2.2.3. Graph-Theory Indices

The effective connectivity methods generate an adjacency matrix that describes a weighted directed graph [24], called G-causal graph. Unlike a binary network, those graphs tend to be complete or full without a specific thresholding and the adjacency matrix is asymmetric. Since the maximal number of couplings is (where is the number of signals), graph-theory measures can be used to summarize the causal connectivity [27]. Although there is no minimal theoretical number of graph nodes, 8 EEG channels can be considered quite limited for a graph analysis. However, there are studies in the neural processing literature where graph theory was applied on a limited number of time series in order to give a concise view of a high-density (or complete) network [27, 28], in particular if the sources-level is concerned. Bullmore and Sporns [11] illustrated a list of measures to describe the graph topology, such as the average characteristic path length, the clustering coefficient, and the diameter. The path length represents the minimum number of edges to reach each other node in the graph starting from one specific node. The average path length is the mean of the nodes’ shortest paths and can be considered a measure of network integration capacity [5]. The latter can be also investigated by means of the clustering coefficient. In case of a weighted network, a clustering coefficient is defined as average intensity of all triangles around each node [29]. A common overall measure is the average of nodes clustering coefficients, defined in a similar way to the average path length. The last index to evaluate the integration capacity of the graph is the diameter. Let the node eccentricity be the maximum graph distance from one node to any other node in the network [30]. The diameter is then defined as the maximum eccentricity in the graph. All those indices have been computed thanks to the brain connectivity toolbox [31] implemented in MATLAB (Mathworks, Natick, MA, USA). In addition, we computed also the causal density as the sum of all significant couplings of the adjacency matrix, as defined by [32]. Alongside those network metrics, the spectral indices such as the spectral radius, the spectral gap, and the algebraic connectivity were considered. The spectral radius and the spectral indices were the maximal absolute eigenvalue and the difference between the first and the second absolute eigenvalues of the adjacency matrix, respectively [33, 34]. The spectral radius, commonly known as “Page Rank,” represents the dominance degree of a node in the network: the higher the value, the higher the centrality of the dominant node in the network. In other words, the dominant node behaves as the center of a hub [33]. Another way to look into the change of dominance is the spectral gap: if the difference between the first and second eigenvalues in the graph matrix decreases, the node with highest eigenvalue (the spectral radius) is less dominant with respect to the other nodes in the network. However, Estrada and Hatano [34] argued that the spectral gap behaves as a measure of clustering in the undirected graph: in case of lower values of spectral gap, the graph can present small clusters in the network. The last spectral measure is the algebraic connectivity, which is the second smallest eigenvalue of the Laplacian matrix and it illustrates how easily a graph can be divided into clusters [30]. In case of a directed graph, the Laplacian matrix can be obtained as follows:where is the adjacency matrix obtained by the effective connectivity tools described above and is the degree matrix of the associated graph [35]. An overview of all graph indices is reported in Table 1.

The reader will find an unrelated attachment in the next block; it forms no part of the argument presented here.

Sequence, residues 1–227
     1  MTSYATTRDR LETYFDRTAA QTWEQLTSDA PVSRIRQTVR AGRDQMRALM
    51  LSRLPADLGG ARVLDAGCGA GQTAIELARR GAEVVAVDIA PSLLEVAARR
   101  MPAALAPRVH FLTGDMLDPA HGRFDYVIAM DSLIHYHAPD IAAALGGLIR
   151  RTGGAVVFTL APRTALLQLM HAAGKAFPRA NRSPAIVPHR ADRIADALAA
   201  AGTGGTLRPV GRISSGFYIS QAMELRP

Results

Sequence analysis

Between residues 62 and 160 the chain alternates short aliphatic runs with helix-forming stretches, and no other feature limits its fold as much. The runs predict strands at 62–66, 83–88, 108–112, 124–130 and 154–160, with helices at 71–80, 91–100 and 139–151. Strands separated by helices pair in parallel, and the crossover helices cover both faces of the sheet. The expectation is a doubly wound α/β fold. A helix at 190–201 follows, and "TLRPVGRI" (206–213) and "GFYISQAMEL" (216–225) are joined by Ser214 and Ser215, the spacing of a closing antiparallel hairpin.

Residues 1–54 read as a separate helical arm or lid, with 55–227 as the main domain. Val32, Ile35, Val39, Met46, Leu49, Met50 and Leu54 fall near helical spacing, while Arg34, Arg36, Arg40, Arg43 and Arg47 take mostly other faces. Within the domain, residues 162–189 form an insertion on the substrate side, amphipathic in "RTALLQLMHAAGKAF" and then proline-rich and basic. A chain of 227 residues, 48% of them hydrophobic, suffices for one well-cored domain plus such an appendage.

Overview of graph indices

Path lengthMean of the nodes’ shortest paths
Clustering coefficientMean of the nodes’ triangles intensity around each node
DiameterMaximum graph eccentricity
Causal densitySum of all significant couplings in
Spectral radius: first eigenvalue of adjacency matrix
Spectral gap: the difference between the first two eigenvalues of matrix
Algebraic connectivity: the second smallest eigenvalue of the Laplacian matrix

2.3. Algorithmic Pipeline and Statistical Analysis